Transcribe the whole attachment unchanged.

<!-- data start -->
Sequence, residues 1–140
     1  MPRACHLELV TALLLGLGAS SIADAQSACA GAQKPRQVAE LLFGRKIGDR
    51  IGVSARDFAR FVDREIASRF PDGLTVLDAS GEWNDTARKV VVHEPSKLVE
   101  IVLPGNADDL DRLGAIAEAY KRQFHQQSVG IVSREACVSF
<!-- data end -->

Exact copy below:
Sequence, residues 1–140
     1  MPRACHLELV TALLLGLGAS SIADAQSACA GAQKPRQVAE LLFGRKIGDR
    51  IGVSARDFAR FVDREIASRF PDGLTVLDAS GEWNDTARKV VVHEPSKLVE
   101  IVLPGNADDL DRLGAIAEAY KRQFHQQSVG IVSREACVSF